When President Donald Trump recently tweeted his demand that the Justice Department determine whether his campaign was improperly “infiltrated or surveilled,” the task of conducting that inquiry fell to the agency’s inspector general, Michael Horowitz.
Horowitz is the man in Washington who investigates the investigators and is now assigned to determine whether there is any truth to Trump’s allegation of a spy being planted in his campaign, which he dubbed “spygate,” or to many other allegations the president and his lawyers have leveled against the Department of Justice and FBI leadership.
There are stacks of politically-charged matters on Horowitz’s already crowded desk. In the coming days, Horowitz is expected to release an extensive report laying out his conclusions about the FBI’s investigation into Hillary Clinton’s use of a private email server. One focus will likely be then-FBI Director James Comey’s decision to announce his findings in the case, even though the FBI recommended no charges be filed.
Appointed by President Barack Obama and confirmed in 2012, Horowitz is the fourth person to hold the post of Justice Department Inspector General since the position was created nearly three decades ago.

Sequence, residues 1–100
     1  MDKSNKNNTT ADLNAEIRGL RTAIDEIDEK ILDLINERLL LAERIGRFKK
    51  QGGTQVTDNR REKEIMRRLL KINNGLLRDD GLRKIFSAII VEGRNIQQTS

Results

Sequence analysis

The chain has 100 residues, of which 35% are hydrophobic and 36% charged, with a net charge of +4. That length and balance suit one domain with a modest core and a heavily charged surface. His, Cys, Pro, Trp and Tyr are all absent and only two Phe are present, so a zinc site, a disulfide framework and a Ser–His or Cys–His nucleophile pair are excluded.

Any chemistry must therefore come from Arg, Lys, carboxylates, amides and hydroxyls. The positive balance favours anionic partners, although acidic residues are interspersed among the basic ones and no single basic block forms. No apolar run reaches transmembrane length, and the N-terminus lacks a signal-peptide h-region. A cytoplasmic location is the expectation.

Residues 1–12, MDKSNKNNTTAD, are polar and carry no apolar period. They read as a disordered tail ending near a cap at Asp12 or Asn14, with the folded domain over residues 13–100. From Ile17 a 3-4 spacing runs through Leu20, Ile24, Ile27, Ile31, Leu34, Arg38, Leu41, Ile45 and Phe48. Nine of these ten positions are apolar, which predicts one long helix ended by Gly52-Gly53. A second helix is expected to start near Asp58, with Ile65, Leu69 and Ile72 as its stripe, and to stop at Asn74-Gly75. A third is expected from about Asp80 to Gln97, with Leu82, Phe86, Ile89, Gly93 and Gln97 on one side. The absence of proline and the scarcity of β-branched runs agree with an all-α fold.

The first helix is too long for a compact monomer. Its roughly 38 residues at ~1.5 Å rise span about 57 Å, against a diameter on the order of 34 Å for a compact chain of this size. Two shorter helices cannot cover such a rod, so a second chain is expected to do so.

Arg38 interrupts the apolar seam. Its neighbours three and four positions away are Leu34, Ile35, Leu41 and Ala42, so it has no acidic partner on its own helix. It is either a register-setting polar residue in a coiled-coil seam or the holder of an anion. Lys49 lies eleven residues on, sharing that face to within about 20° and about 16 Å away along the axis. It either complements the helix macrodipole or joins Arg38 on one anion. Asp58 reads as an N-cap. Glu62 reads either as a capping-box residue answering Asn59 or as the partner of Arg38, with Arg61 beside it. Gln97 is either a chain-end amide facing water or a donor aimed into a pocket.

Before becoming DOJ IG, Horowitz was no stranger to sensitive investigations. In the early 1990s, Horowitz worked as a federal prosecutor in the Southern District of New York, where he became chief of the Public Corruption Unit. There he investigated the New York Police Department’s 30th Precinct, which became known as the “Dirty 30,” for drug dealing and other police abuses. It was one of the largest police corruption scandals in the city’s history and led to more than 30 officers convicted.
During his confirmation hearing before the Senate Judiciary Committee in 2014, Horowitz described independence as the most important attribute to bring to the job of inspector general. But he also emphasized “the ability to think creatively and to be tenacious.”
“These are not easy matters to investigate, cases to make,” Horowitz added. “There are people involved who, in most instances--for example, in investigating law enforcement officers, they went in to do right and turned bad in the job. They didn't go in to steal. Something turned them.”
Figuring out what that something is, Horowitz said, requires keeping an open mind. “Never say something's impossible, because the one thing I learned as a corruption prosecutor, anything is possible. People in authority can do things improperly.”
Justice Department inspector general position was created by statute in 1989, providing an internal watchdog for the department.
Its mission, as its website states, is to “detect and deter waste, fraud, and misconduct in DOJ programs and personnel, and to promote economy and efficiency in those programs.” The office Horowitz heads has 450 employees nation-wide, many of them special agents who carry a badge and a gun.
The role was created to consolidate nine offices within DOJ that conducted audits, inspections, and investigations into a single office.
The office is designed to be independent and accountable by having the IG serve an indefinite term and requiring that it report to Congress and the Attorney General.
Being inside the Justice Department while being directly accountable to Congress is what makes the role unique within the department.